The cannibalism charge goes back to at least the 2nd C. Those who deny the Catholic Church (inclusive of Eastern Orthodox) have the Real Presence in the Eucharist probably don’t know that type of history. For how could a mere symbol be thought “cannibalistic” in ancient times?

    A knowledgeable Catholic would add that the cannibalism charge in fact goes back to the Bread of Life discourse in John 6 in which disciples of Jesus left after He assured them, for a 5th time, that he meant what he said: They must gnaw on his flesh if they wanted to have eternal life. Such a thing was forbidden by their Jewish faith; and it sounded repugnant. They said “this teaching is difficult, who can accept it?” It remains a difficult teaching of His, for millions.

    If you have other questions:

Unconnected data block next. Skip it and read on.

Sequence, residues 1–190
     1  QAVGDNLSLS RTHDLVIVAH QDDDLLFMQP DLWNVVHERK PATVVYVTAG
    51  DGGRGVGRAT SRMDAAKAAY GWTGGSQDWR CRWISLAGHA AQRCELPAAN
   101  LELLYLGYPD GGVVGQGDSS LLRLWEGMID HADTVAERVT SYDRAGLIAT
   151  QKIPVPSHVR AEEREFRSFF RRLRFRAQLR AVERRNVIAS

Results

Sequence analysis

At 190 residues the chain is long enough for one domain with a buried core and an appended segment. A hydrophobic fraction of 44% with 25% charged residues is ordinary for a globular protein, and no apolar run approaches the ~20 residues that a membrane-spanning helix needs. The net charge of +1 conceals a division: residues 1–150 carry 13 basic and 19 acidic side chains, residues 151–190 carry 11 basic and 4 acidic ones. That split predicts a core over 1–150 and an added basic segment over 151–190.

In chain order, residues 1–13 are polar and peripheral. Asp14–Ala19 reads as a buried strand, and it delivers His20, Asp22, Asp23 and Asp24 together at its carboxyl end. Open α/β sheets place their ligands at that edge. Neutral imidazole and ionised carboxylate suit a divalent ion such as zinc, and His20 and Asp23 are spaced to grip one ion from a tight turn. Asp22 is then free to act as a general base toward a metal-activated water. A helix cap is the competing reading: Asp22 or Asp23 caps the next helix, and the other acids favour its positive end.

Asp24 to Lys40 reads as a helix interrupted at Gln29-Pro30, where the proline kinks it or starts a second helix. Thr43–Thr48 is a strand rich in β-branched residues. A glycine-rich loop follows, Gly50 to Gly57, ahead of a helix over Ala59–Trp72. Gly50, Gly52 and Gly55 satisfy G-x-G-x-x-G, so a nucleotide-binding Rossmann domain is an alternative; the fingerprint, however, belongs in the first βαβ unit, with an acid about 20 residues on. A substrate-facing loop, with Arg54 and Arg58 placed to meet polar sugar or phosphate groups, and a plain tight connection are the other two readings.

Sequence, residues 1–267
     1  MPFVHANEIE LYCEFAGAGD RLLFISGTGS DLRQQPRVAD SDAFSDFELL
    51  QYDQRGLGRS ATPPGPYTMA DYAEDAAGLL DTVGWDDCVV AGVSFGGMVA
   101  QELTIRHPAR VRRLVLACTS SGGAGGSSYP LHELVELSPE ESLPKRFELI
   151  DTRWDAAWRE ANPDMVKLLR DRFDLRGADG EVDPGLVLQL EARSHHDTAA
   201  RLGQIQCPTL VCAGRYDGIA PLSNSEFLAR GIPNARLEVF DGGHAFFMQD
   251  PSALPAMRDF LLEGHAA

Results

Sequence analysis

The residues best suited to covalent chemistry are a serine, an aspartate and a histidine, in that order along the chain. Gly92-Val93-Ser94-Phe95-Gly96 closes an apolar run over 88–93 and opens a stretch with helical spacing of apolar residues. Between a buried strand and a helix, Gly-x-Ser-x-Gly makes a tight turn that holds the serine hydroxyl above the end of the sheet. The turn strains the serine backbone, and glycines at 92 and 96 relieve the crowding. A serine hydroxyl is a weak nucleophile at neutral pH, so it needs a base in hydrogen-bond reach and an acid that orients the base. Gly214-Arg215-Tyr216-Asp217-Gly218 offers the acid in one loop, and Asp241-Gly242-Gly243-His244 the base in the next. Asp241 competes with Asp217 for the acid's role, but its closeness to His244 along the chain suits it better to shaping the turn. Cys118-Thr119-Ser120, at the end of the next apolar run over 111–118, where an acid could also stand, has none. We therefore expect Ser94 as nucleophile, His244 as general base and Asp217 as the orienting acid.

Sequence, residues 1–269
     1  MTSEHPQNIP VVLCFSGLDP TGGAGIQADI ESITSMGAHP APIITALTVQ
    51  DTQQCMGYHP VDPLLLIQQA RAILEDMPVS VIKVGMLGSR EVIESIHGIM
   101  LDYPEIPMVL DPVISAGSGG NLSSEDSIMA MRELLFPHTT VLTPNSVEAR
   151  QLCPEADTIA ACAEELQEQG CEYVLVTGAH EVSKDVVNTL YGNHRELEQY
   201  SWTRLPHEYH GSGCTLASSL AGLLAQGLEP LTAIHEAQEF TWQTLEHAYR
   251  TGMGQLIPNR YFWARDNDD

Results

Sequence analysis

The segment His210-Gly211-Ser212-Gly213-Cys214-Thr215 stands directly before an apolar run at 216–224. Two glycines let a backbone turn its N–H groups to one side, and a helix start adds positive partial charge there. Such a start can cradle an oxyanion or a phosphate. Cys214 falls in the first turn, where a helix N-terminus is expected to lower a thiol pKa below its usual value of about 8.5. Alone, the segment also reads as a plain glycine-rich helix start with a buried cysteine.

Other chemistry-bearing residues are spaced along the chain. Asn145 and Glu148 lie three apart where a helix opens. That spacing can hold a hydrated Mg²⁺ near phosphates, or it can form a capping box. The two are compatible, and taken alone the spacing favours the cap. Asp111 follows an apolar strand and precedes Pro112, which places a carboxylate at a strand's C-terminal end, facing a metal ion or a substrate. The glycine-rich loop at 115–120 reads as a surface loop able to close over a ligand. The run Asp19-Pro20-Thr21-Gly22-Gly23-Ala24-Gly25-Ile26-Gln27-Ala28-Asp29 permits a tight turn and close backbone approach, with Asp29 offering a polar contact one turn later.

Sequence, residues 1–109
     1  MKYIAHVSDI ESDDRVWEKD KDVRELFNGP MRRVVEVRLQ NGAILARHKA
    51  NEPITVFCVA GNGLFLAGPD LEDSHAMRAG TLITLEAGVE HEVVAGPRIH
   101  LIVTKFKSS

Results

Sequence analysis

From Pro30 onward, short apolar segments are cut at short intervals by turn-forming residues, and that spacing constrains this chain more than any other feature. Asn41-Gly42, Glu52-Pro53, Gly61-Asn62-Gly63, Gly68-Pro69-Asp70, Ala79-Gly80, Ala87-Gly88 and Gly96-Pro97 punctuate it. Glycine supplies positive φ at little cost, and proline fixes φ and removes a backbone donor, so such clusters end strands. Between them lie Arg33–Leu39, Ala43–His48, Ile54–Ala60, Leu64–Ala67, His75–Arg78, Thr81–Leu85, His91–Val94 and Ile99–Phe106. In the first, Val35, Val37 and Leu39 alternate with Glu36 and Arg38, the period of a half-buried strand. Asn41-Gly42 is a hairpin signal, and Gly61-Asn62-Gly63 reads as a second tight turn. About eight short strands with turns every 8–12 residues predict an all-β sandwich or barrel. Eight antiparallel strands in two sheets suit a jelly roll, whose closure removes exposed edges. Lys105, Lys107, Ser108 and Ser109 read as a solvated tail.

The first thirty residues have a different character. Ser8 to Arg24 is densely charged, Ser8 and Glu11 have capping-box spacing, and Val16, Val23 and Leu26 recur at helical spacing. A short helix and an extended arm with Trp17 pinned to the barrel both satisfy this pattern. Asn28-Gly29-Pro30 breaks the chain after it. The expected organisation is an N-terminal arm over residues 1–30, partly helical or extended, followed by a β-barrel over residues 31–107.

http://www.vatican.va/archive/ccc_css/archive/catechism/p2s2c1a3.htm

  • [1] September 3, 2014 at 7:35pm

    more Patristic comments on the Eucharist:
    http://www.therealpresence.org/eucharst/father/fathers.htm

  • [1] September 3, 2014 at 7:33pm

    Justin Martyr, so-called due to his martyrdom, a few decades later:

    Excerpt from First Apology

    CHAPTER LXVI — OF THE EUCHARIST.

    “And this food is called among us Eukaristia [the Eucharist], of which no one is allowed to partake but the man who believes that the things which we teach are true, and who has been washed with the washing that is for the remission of sins, and unto regeneration, and who is so living as Christ has enjoined. For not as common bread and common drink do we receive these; but in like manner as Jesus Christ our Saviour, having been made flesh by the Word of God, had both flesh and blood for our salvation, so likewise have we been taught that the food which is blessed by the prayer of His word, and from which our blood and flesh by transmutation are nourished, is the flesh and blood of that Jesus who was made flesh.”